The table above compares spending by 678 New York districts to the distribution of spending totals reported in Census Bureau data for 13,459 school districts across the country. As the distributional breakdown shows:
- All 678 New York school districts not only spent more than the national average but ranked within the top two spending quintiles—i.e., the upper 40 percent of 13,459 districts nationally.
- The vast majority of New York school districts qualified for the nation’s top-spending quintile—meaning they spent more than 80 percent of all U.S. school districts.
- Nearly one-third of New York’s school systems ranked among the highest-spending 5 percent.
Even New York’s lowest-spending school system (the General Brown district, in Jefferson County) spent 6.4 percent more per pupil than the national average. At the other extreme, 213 New York districts spent at least twice the U.S. average. (A complete list of New York districts’ per-pupil spending as reported in Census data can be viewed and sorted here.
Are New Yorkers getting education results commensurate with their education spending? Given the notorious lack of comparability among performance indicators for different states, that’s a hard question to definitively answer. However, there is scant evidence that New York’s schools on the whole produce dramatically better results. For example:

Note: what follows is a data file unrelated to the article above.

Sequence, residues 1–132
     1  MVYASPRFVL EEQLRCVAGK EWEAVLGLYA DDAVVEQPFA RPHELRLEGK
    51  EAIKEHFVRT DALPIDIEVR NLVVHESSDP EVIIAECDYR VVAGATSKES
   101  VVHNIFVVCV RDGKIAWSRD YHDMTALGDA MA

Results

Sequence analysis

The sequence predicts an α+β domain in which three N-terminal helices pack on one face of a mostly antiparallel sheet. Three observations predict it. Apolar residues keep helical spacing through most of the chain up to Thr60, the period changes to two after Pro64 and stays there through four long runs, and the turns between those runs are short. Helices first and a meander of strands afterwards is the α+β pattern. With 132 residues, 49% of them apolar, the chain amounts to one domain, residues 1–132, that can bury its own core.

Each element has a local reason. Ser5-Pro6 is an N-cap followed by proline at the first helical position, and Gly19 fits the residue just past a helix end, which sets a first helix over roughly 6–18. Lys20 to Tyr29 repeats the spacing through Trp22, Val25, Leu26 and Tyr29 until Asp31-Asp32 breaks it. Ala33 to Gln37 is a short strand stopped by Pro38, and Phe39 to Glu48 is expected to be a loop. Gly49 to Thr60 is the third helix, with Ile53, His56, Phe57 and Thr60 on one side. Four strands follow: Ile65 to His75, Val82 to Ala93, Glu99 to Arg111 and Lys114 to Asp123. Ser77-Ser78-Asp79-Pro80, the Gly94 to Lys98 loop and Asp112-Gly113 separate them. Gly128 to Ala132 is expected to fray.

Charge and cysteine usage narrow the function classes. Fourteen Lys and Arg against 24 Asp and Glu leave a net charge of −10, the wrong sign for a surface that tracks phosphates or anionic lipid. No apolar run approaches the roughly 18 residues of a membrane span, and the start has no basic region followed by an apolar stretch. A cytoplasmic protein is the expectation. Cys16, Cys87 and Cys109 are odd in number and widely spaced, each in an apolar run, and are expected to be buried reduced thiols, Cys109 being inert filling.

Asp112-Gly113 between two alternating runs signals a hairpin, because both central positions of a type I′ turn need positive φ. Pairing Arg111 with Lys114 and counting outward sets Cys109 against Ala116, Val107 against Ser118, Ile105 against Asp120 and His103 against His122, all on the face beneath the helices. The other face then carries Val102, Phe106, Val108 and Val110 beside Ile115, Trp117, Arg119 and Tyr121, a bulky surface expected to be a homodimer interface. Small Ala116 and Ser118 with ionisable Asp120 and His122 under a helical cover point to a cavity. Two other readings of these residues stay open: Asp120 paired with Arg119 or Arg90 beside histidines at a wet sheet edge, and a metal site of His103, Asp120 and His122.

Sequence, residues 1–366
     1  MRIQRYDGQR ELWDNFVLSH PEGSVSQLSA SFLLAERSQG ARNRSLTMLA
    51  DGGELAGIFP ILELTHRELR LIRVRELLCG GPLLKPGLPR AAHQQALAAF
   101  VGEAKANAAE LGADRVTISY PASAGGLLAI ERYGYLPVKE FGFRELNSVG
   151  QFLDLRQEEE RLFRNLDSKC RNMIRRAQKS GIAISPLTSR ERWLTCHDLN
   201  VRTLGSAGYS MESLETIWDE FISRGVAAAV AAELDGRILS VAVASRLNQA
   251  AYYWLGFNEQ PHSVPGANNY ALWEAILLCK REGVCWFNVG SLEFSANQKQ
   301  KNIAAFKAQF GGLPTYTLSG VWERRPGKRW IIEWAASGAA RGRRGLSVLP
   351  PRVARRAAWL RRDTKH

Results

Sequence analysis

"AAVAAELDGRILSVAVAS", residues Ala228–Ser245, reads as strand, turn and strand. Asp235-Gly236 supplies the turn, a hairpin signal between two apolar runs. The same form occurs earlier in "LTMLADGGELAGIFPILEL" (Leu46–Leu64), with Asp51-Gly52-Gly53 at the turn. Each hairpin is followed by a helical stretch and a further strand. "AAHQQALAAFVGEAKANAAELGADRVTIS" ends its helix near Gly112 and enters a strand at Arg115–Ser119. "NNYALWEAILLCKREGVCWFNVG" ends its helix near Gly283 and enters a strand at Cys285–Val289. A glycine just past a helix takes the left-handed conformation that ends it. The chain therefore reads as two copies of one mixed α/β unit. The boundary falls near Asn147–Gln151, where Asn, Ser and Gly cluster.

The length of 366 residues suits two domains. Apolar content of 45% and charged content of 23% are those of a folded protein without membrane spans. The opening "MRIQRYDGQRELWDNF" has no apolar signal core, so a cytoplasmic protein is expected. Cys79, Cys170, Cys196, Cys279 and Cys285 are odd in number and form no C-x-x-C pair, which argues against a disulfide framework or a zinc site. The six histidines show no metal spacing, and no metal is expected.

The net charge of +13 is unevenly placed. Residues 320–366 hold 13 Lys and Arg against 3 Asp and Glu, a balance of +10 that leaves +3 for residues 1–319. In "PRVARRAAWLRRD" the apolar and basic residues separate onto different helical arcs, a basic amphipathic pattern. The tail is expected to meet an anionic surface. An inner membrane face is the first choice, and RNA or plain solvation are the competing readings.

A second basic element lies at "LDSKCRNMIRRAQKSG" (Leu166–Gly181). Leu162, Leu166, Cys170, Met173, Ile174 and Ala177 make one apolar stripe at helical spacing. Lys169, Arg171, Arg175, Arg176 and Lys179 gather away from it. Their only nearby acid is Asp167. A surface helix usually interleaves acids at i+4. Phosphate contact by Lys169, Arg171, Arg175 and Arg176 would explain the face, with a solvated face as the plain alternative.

- In the category of PreK-12 Educational Achievement, New York schools were assigned a grade of C- by Education Week’s 2017 “Quality Counts” report card on all 50 state systems.
- In 2015, New York fourth and eighth graders scored at roughly the national average on National Assessment of Educational Progress (NAEP) reading tests. New York’s eighth grade NAEP mathematics scores also were close to the national norm—but its fourth grade math scores were below average.2
- New York’s participation-adjusted average College Board SAT score ranked 23rd as of 2016.3
As debates and disputes over New York school funding continue—highlighted in a pending lawsuit challenging the “adequacy” of state funding for Syracuse and New York City4—the national data at least provide a broader perspective and a reality check on the issue.
- Public charter school enrollment and funding not included in any of the figures cited here.
- Miriam Aristy-Farar v. State of New York, https://www.nycourts.gov/ctapps/Decisions/2017/Jun17/Jun17.html
You may also like
"Readers will recall that the Empire Center is the think tank that spent months trying to pry Covid data out of Mr. Cuomo’s government, which offered a series of unbelievable excuses for its refusal to disclose...five months after it sued the government, and one week after a state court ruled that the Cuomo administration had violated the law and ordered it to come clean—Team Cuomo finally started coughing up some of the records." -Wall Street Journal, February 19, 2021
SIGN UP TO STAY UP TO DATE ON THIS AND THOSE OTHER ISSUES THAT IMPACT NEW YORKERS.